But nothing yet really supports my argument that he's the fourth best forward in Anaheim until you look at his with-or-without-you possession numbers. For the sake of keeping this relatable to this team, I removed his Oilers teammates and added back in the lockout-shortened season to balance minutes lost.
Cogliano together with almost every player is better than his individual numbers. In some instances, his pairings upped both players' possession rates significantly. Koivu was lost without him. He and Daniel Winnik were grand together. Both Cam Fowler and Francois Beauchemin benefited from his being out there with them. Even Bryan Allen had good numbers with Cogliano.
What's this mean though? Notice the lack of Getzlaf or Perry in the top players he's seen minutes with on the Ducks. All of the gains on the chart are largely achieved without the elite of this roster, telling me that in Cogliano the Ducks have a decent complementary winger who tends to support the breakout better than most wingers on the team. (I derive this from what I've watched and from the way he's boosted all his defensemen's numbers pretty evenly.)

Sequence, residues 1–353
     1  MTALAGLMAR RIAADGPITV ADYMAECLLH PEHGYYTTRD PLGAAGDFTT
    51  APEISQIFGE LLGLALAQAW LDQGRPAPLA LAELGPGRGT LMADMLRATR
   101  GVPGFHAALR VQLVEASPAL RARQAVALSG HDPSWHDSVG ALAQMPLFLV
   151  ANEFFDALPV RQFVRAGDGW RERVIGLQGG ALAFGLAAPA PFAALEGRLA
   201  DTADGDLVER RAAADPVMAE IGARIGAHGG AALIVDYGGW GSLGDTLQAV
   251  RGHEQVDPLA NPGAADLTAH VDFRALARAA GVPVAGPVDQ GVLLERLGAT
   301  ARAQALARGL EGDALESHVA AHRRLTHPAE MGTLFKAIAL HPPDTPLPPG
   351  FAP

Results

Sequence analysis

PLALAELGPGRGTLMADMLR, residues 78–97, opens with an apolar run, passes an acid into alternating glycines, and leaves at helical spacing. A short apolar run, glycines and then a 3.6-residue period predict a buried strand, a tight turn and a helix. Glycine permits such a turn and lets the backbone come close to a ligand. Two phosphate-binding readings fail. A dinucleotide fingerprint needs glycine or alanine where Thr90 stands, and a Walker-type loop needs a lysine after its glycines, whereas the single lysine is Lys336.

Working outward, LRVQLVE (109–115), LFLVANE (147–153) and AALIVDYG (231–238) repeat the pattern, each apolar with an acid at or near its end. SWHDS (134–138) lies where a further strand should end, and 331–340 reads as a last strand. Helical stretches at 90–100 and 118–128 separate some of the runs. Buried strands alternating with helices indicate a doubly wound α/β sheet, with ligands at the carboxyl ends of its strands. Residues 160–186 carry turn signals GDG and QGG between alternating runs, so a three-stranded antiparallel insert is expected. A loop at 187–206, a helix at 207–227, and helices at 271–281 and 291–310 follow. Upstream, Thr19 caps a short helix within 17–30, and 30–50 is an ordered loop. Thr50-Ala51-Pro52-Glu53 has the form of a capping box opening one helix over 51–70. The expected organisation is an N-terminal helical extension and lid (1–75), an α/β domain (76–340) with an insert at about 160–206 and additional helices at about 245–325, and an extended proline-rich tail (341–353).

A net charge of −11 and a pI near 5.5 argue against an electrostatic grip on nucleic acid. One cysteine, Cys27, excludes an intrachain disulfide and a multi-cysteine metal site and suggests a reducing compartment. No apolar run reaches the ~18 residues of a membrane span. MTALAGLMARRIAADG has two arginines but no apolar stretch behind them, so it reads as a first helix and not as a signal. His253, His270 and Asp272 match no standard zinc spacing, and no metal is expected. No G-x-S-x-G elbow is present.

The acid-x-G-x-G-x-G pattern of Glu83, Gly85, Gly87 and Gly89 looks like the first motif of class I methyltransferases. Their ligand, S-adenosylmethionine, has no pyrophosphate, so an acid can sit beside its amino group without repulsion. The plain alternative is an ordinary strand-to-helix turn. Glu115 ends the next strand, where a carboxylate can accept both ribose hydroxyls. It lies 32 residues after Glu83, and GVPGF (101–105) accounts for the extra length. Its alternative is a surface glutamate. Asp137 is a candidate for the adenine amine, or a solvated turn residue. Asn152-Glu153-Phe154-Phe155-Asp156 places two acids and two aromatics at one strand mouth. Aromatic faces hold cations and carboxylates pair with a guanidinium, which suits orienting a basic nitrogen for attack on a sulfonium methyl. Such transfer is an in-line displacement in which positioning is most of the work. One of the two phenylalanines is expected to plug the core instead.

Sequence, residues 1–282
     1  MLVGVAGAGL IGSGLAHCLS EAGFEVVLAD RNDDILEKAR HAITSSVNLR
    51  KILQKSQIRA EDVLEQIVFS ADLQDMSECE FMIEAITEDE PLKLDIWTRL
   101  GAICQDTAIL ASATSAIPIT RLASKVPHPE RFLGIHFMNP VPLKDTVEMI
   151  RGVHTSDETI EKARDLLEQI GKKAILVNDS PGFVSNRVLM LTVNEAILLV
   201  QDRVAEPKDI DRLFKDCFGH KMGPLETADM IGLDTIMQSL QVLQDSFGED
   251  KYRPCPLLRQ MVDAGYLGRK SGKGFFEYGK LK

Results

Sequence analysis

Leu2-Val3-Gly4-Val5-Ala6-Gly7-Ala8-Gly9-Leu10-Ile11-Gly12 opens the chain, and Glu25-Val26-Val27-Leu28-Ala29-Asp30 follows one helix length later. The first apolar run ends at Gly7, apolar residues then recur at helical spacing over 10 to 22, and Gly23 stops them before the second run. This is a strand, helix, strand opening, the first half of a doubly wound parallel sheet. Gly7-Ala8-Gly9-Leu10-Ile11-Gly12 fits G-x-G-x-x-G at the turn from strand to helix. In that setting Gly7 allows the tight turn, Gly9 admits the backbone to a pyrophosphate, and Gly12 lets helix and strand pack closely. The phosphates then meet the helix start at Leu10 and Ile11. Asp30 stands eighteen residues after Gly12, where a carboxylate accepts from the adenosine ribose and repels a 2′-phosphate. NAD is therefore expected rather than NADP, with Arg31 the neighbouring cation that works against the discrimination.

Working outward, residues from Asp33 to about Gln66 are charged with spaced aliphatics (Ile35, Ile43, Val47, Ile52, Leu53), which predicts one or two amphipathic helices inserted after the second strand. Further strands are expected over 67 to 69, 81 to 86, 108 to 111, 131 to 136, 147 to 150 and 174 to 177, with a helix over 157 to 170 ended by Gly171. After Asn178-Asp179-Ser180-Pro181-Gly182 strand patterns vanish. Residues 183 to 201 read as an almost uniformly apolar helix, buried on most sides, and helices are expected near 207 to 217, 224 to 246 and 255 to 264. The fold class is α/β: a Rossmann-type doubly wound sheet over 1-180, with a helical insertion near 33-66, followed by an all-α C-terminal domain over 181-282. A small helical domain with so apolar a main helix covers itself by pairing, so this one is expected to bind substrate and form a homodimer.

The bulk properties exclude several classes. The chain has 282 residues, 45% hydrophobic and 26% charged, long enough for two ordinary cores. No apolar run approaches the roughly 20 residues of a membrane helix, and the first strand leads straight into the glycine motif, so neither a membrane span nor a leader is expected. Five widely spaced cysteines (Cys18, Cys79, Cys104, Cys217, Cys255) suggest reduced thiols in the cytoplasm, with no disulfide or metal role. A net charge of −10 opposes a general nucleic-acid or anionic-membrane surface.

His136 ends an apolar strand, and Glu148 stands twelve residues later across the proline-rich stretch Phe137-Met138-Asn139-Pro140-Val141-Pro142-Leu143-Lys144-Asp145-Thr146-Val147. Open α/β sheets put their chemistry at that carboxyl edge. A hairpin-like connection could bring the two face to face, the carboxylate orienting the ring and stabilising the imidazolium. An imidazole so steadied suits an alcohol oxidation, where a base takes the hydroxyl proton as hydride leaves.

The real flaw in Cogliano's game then is his inability to contribute heavily toward offense (generation) by himself, as his defensive play tends to suggest he can turn play through the middle just fine. Some of this is his consistent pairing on two-way lines in Anaheim, but I also think it's just one of the things he does poorly. He's not a shooter by any stretch. But give him the puck and he can support it into the zone, where a shooter could theoretically make some noise.
This is exactly why I think a pairing of Kesler and Cogliano will serve the Ducks well on a second line. Kesler generates offense. Cogliano props up possession and supports breakouts well. This could be a line that gets the puck, sends it through the neutral zone quickly, and gets it toward the opposing net fast. Add in a shooter to the line, particularly of the volume variety, and suddenly two players who aren't expected to post a lot of production could luck out for a year or two.
You know who shoots the puck a lot from the left side but needs two healthy linemates to get the puck to him in the offensive zone? Dany Heatley. Could he be a sometimes fit on that left side for Kesler and Cogliano? It's a thought. If Boudreau wants someone with more speed to go on that line, Cogliano could slide to the left side to make space for Kyle Palmieri as well. Not to mention that the team would probably like Palmieri to shoot more anyway. Add in Patrick Maroon and Jakob Silfverberg as left side players who will likely see time on Kesler's line, and suddenly Cogliano's importance as a stabilizing agent on the right side of that second line stands out a bit more in the options the team has next year.
At least I think so.
And finally to put a bow on the whole thing, here's the pretty "everyone" chart.